He also ended publication of The Liberator, writing in his last editorial on December 29, 1865, in which he stated “the object for which the Liberator was commenced – the extermination of chattel slavery – having been gloriously consummated.” Retiring to Roxbury, he helped care for Helen and wrote weekly letters to his children.
Garrison continued to support reform causes, devoting special attention to rights for blacks and women. He contributed columns on Reconstruction and civil rights for The Independent and the Boston Journal, and in 1870, became an associate editor of the women’s suffrage newspaper the Woman’s Journal, along with Mary Livermore, Thomas Wentworth Higginson, Lucy Stone and Henry Blackwell.
After a severe cold worsened into pneumonia, Helen Benson Garrison died on January 25, 1876. A quiet funeral was held at home, but Garrison was confined to his bedroom with a fever and severe bronchitis, unable to join the service downstairs. This was the first fatal blow to his health. He recovered very slowly from the loss of his wife, and began to attend Spiritualist circles in the hope of communicating with Helen.
After Helen’s death, Garrison published a 32-page memoir Helen Eliza Garrison: A Memorial (1876). In thinking of their early years, Garrison wrote:
Even at this remote period, I confess that my emotional nature is powerfully stirred within me as I contemplate the loving trustfulness and moral courage exhibited by her in accepting my proffered hand and heart. For her own home was the abode of happiness and love… she was the specially favored one of the family, because the youngest daughter; all the comforts of life were abundantly assured to her; and her domestic and local attachments were exceedingly strong.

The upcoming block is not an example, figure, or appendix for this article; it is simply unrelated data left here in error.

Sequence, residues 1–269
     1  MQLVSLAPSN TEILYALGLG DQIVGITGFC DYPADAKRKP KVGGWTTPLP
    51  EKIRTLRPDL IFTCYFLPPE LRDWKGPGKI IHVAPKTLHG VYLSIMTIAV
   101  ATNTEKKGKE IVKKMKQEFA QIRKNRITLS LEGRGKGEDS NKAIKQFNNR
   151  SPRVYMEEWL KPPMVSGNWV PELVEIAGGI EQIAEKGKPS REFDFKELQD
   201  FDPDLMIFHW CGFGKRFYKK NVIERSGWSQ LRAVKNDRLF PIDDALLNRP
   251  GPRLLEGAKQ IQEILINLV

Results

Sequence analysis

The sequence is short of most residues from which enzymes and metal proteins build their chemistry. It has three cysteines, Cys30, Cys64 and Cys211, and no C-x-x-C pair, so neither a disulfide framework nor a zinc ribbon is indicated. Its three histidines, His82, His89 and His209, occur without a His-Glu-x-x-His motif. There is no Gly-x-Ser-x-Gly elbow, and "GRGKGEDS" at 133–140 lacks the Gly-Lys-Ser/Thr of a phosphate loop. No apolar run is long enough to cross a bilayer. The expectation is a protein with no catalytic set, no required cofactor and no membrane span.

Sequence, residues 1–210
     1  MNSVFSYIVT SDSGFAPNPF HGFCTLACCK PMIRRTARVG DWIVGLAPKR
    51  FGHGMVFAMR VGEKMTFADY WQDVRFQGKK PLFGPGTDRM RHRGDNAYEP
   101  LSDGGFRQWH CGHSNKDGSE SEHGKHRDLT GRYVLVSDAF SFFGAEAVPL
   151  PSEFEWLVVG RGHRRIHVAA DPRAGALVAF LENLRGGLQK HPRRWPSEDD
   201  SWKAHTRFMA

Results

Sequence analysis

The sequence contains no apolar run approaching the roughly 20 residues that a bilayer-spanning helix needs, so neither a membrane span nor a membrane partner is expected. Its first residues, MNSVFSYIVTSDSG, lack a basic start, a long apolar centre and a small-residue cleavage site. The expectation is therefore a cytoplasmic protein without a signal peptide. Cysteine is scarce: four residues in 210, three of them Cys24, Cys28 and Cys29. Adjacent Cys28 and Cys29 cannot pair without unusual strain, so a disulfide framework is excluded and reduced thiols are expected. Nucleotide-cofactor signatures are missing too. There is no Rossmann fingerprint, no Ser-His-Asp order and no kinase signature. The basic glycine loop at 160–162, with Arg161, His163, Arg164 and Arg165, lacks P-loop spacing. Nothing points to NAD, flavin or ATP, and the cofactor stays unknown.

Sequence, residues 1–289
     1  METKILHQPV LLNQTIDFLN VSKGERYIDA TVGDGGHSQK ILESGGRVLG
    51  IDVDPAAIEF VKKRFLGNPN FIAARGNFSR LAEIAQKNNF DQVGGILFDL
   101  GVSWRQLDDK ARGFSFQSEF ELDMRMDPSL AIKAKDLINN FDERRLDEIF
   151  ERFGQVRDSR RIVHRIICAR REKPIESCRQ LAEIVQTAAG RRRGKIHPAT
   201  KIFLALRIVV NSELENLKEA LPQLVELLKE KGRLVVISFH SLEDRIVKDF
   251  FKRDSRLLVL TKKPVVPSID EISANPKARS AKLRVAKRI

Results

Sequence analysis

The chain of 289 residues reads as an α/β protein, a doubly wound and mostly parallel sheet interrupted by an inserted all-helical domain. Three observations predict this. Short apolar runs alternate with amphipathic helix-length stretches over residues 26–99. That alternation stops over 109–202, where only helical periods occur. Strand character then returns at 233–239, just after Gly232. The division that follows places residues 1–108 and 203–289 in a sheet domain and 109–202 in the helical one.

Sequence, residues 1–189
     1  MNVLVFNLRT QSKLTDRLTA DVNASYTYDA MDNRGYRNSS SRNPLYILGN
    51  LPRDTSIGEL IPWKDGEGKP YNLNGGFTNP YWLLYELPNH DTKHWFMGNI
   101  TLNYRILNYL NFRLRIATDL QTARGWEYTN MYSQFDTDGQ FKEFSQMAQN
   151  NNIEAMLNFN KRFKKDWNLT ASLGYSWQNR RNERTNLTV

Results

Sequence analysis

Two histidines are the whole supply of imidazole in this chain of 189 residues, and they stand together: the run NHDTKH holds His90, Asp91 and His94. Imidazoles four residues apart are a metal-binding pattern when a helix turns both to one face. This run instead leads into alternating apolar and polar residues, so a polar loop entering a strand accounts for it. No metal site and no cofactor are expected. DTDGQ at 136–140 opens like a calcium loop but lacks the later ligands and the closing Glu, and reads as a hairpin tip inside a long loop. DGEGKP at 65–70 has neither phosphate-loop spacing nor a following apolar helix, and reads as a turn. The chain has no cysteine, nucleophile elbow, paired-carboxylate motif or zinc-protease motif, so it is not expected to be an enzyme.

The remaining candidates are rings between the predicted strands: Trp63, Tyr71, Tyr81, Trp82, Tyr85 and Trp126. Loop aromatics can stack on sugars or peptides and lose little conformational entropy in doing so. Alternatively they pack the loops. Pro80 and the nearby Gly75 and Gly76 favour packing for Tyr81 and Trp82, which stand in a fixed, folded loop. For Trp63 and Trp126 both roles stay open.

And what was my situation? I was struggling against wind and tide to maintain The Liberator; the chances of speedily realizing what are “the uses of adversity,” even as touching the ordinary
conveniences of life, were imminent. Moreover, for my espousal of the cause of the despised Negro, I was then universally derided and anathematized; I had the worst possible reputation as a madman and fanatic… and it was extremely problematical how long it would be before my abduction be effected by hired kidnappers… especially after the State of Georgia… offered a reward of five thousand dollars for my seizure and presentation within her limits.
It is true, I was not without warm friends, genuine sympathizers, inestimable co-workers ; but, numerically, these were only as drops to the pouring rain, and, being themselves also under ban, could confer no credit and afford no protection.
The last paragraph in the book elegantly sums up the range of Helen Garrison’s interests and her role as a bridge between political movements:
At the annual meeting of the Massachusetts Woman Suffrage Association held in Boston, January 25, 1876, the following resolution was adopted: ‘Resolved, that the Massachusetts Woman Suffrage Association deeply sympathize with their honored friend William Lloyd Garrison on the death of his wife, which occurred this morning, and that they extend to him their warmest sympathy in his great bereavement.’
William Lloyd Garrison lived on until May 24, 1879.